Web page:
Neha Miriam Kurian writes: The Left-Front government in Kerala is reviving the Athirappilly Hydro Electric Project against stiff resistance from local tribes and environmentalists. If implemented, it will displace the ancient hunter-gatherer Kadar tribe and submerge the only remaining low elevation riparian forests left in the Western Ghats, one of the world’s eight biodiversity ‘hotspots’.
More than eighteen years have passed since the Athirappilly Hydro Electric Project was granted sanction in 1998. If implemented, it will result in submergence of the only remaining low elevation riparian forests left in the Western Ghats, deemed as one of the eight biodiversity ‘hot spots’ of the world, because of its high presence of endemic species, along with a 70-75% habitat loss.
The project was granted environmental clearance three times; but twice it was set aside by the High Court of Kerala on various grounds, including the fact that the public hearing was not conducted. The third time, the High Court disposed of the matter noting that the latest clearance had expired. But just like many other politically charged schemes, the Athirappilly project refuses to die!
In October last year, the Ministry of Environment and Forests (MoEF) breathed life into the expired clearance, extending it by another 5 years; again without a public hearing. The Project Proponent, the Kerala State Electricity Board (KSEB), is now once again promoting this 163 MW project, which is estimated to sink 104 hectares of pristine rain forests, on the grounds that the High Court had set aside the environmental clearances on mere procedural issues.
A public hearing, as envisaged under the Environment Impact Assessment (EIA) Notification, 2006 is not merely a procedural issue. It is a mandatory democratic process which seeks to ensure that the concerns of those affected by a project are taken into account while granting final clearance. In this case, the Kadar tribes who are the ‘public’ in the project area, also have vested community rights in the area under the Forests Rights Act, 2006, which allows them to reject the project if they want to.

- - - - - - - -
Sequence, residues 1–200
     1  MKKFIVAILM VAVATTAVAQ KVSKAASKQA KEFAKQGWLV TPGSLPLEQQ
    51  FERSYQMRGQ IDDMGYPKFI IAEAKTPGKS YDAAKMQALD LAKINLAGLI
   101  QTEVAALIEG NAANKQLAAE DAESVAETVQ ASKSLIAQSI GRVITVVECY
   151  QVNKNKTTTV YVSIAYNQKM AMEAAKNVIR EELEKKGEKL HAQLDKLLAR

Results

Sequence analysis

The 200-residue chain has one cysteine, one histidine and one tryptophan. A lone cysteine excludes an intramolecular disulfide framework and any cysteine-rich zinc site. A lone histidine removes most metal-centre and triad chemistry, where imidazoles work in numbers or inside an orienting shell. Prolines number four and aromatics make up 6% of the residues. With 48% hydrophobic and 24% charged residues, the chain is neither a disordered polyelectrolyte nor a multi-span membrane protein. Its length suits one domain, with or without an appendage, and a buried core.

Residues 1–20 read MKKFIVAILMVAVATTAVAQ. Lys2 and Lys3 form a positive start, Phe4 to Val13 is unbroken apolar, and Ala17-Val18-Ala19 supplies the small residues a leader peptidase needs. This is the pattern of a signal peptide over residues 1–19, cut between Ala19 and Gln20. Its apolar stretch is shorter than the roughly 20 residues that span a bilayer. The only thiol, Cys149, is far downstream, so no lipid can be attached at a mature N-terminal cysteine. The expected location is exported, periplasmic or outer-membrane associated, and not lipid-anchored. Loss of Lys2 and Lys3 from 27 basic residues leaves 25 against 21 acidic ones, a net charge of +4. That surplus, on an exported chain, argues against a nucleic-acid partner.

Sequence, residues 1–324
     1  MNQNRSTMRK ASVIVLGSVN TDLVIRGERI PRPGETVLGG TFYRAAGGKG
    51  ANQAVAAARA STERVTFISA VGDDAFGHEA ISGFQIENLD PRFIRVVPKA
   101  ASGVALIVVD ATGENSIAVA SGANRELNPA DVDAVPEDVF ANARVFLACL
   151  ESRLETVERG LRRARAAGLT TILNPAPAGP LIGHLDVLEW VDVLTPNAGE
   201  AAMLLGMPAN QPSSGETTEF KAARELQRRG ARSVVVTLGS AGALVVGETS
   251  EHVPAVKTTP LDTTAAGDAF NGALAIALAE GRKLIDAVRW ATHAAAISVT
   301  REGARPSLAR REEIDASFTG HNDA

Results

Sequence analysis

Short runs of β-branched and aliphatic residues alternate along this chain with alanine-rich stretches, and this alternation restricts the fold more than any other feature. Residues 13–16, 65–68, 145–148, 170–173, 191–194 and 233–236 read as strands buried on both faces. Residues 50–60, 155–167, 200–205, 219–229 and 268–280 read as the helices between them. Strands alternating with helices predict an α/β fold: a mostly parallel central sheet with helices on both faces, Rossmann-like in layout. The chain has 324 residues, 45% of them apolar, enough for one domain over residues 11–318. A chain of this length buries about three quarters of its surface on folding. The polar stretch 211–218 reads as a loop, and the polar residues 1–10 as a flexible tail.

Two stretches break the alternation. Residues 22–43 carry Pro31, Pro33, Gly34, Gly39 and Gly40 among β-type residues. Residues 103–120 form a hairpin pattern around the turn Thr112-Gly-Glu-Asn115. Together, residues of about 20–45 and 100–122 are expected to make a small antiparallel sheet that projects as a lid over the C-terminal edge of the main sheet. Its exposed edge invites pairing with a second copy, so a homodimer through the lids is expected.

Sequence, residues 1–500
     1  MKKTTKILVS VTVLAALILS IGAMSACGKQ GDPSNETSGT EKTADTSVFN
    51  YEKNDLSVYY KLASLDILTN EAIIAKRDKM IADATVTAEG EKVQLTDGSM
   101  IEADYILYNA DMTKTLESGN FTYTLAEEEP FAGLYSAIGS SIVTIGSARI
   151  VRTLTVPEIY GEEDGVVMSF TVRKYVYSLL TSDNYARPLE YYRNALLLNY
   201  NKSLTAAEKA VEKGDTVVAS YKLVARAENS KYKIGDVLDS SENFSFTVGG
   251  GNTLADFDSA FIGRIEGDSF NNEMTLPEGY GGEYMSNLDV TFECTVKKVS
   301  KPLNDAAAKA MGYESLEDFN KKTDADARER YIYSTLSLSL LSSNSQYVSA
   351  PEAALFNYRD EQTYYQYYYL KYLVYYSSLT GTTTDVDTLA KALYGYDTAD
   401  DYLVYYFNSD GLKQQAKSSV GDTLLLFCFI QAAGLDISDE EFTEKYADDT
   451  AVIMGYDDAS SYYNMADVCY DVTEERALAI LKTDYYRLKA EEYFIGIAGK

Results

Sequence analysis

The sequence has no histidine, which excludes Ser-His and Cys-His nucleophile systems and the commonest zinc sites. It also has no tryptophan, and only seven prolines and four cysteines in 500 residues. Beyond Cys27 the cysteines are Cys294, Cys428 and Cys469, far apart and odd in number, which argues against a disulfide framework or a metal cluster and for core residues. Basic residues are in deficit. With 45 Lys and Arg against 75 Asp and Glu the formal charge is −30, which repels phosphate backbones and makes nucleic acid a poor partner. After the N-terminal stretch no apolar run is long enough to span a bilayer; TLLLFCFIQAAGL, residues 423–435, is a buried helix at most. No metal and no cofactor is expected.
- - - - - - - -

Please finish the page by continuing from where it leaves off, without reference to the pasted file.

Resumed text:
Vested Community Forest Rights
Nine settlements of the Kadar tribes/Oorukoottams reside in this region, the Vazhachal forest division. Of these, there are communities which are currently residing both 400m downstream of the Athirappilly waterfalls as well as those within the submergence zone. The Kadars are one of the oldest of our indigenous populations and mainly live off the land as hunter-gatherers; 89% of the Kadars in this area live off this ecosystem, collecting non- timber forest produce and selling it to the Ayurveda industry.
In May 2014, the Kadars living in this region area were granted recognition under the FRA as a Particularly Vulnerable Tribal Group. The gram sabhas were granted Community Forest Rights titles over an approximate area of 40,000 hectares. These rights include the right to protect, regenerate or conserve or manage any community forest resource which they have been traditionally protecting and conserving for sustainable use. An extension of this right includes the condition that any diversion of forest land in such area can be allowed by the Central Government only if it is recommended by the gram sabha. But let alone such recommendation, not even a public hearing to consider the views of the Kadars has ever been conducted for the Athirappilly project.
The Kadars have consistently opposed the project from the beginning and have been trying to assert their rights through the High Court of Kerala. The environmental clearance now granted to the Athirappilly project is clearly illegal, as it has been issued without securing the mandatory clearance from the oorukoottam/gram sabha (village council) under the Forest Rights Act. It is worth noting here that in 2014, the MoEF has issued 2014 circular curtailing the powers of the gram sabha under the FRA, which they were forced to take back after facing sharp criticism from the Ministry of Tribal Affairs.
The Environmental Clearances granted to the Athirappilly Project was struck down by the Kerala High Court on the first two occasions for not conducting a public hearing in accordance with the EIA Notification. The third time, when the clearance was granted, the incumbent environment minister Jairam Ramesh issued a show cause notice to the project proponent raising many issues, including the rights of the Kadar tribes, under the FRA. The project was thereafter referred to the Gadgil committee which after conducting detailed consultations with various stakeholders including the primitive Kadar tribes, rejected the project in toto, stating it would cause irreparable damage to the biodiversity as well as the Kadars who are dependent upon it.